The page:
Taxonomic similarity, more than contact opportunity, explains novel plant–pathogen associations between native and alien taxa

Jennifer Bufford, Philip Hulme, Benjamin Sikes, Jerry Cooper, Peter Johnston, Richard DUNCAN

    Research output: Contribution to journalArticle

    14 Citations (Scopus)

    Abstract

    Novel associations between plants and pathogens can have serious impacts on managed and natural ecosystems world-wide. The introduction of alien plants increases the potential for biogeographically novel plant–pathogen associations to arise when pathogens are transmitted from native to alien plant species and vice versa. We quantified biogeographically novel associations recorded in New Zealand over the last 150 yr between plant pathogens (fungi, oomycetes and plasmodiophorids) and vascular plants. We examined the extent to which taxonomic similarity, pathogen traits, contact opportunity and sampling effort could explain the number of novel associates for host and pathogen species. Novel associations were common; approximately one-third of surveyed plants and pathogens were recorded with at least one biogeographically novel associate. Native plants had more alien pathogens than vice versa. Taxonomic similarity between the native and alien flora and the total number of recorded associations (a measure of sampling effort) best explained the number of novel associates among species. The frequency of novel associations and the importance of sampling effort as an explanatory variable emphasize the need for effective monitoring and risk assessment tools to mitigate the potential environmental and economic impact of novel pathogen associations.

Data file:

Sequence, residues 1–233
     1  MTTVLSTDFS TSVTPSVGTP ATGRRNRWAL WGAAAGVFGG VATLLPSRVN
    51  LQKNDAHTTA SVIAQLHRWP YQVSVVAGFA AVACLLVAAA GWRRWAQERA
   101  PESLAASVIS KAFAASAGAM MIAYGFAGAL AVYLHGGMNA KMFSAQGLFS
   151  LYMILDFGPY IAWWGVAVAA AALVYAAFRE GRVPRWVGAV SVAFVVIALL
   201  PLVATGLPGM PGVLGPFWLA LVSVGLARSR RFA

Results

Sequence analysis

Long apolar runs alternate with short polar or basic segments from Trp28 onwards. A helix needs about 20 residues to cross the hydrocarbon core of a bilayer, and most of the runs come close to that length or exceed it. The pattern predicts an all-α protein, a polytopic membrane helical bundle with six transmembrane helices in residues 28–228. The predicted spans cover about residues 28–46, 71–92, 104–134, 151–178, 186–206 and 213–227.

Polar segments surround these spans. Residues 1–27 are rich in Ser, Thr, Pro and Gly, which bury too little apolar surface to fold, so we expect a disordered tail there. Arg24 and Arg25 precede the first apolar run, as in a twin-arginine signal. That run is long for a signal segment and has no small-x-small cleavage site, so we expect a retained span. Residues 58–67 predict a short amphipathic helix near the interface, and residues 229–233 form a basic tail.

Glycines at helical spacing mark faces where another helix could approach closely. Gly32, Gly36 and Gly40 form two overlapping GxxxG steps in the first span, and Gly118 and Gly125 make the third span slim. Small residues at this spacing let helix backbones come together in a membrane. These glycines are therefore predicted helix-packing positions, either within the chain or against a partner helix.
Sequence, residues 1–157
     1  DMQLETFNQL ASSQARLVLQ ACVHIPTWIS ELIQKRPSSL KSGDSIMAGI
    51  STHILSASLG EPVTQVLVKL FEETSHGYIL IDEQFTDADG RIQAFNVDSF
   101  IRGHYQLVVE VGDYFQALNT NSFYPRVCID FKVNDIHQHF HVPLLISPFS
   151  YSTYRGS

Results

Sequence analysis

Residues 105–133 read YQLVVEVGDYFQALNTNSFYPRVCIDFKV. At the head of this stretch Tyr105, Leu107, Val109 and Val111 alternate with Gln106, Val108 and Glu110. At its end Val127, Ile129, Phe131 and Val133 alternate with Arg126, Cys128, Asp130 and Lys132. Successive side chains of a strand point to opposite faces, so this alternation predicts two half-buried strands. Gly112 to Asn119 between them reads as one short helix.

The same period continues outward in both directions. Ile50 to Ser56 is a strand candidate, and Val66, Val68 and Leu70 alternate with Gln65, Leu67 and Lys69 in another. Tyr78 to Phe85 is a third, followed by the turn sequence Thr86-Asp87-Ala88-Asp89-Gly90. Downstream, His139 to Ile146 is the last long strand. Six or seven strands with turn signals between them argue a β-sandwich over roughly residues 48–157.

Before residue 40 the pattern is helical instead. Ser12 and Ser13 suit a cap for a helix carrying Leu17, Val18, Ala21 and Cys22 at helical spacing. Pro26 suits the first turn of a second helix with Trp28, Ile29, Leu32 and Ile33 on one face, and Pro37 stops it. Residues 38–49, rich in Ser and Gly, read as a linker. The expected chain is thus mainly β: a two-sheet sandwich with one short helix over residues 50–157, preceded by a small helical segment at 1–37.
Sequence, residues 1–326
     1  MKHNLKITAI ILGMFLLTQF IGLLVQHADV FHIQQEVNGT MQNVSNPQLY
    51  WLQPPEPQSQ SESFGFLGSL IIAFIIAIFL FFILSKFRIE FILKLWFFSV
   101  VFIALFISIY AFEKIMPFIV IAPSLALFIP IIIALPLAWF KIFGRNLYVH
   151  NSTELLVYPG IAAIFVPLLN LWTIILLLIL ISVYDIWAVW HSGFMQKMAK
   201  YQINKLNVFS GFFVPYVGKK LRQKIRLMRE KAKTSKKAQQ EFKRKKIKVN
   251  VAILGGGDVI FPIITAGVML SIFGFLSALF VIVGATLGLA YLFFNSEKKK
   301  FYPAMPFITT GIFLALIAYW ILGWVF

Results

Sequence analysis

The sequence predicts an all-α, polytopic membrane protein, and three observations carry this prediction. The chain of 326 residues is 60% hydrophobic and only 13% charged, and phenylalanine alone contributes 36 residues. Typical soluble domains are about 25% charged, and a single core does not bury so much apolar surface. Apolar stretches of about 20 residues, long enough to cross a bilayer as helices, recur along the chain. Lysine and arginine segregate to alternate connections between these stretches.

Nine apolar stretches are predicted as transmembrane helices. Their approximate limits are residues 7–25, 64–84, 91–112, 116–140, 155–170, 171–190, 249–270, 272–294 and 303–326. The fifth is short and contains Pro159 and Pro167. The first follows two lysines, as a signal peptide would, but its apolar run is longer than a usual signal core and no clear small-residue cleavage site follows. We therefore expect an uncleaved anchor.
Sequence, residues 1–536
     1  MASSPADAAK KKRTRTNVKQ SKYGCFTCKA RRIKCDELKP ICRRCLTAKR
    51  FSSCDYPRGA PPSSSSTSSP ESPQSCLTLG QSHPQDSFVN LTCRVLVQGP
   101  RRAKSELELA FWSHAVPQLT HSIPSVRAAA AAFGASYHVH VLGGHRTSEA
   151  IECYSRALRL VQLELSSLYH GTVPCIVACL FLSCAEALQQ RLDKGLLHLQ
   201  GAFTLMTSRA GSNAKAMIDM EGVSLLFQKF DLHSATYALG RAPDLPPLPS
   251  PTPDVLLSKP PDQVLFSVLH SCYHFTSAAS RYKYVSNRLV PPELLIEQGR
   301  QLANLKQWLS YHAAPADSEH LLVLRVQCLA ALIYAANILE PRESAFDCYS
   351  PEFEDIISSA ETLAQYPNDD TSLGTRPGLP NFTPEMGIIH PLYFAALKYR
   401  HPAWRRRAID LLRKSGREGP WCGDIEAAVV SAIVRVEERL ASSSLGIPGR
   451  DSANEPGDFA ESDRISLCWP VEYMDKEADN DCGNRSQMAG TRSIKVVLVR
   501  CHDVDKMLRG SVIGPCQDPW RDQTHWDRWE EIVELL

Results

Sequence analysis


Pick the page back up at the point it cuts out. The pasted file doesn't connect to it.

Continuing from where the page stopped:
Original languageEnglish
    Pages (from-to)657-667
    Number of pages11
    JournalNew Phytologist
    Volume212
    Issue number3
    DOIs
    Publication statusPublished - 2016

      Fingerprint

    Cite this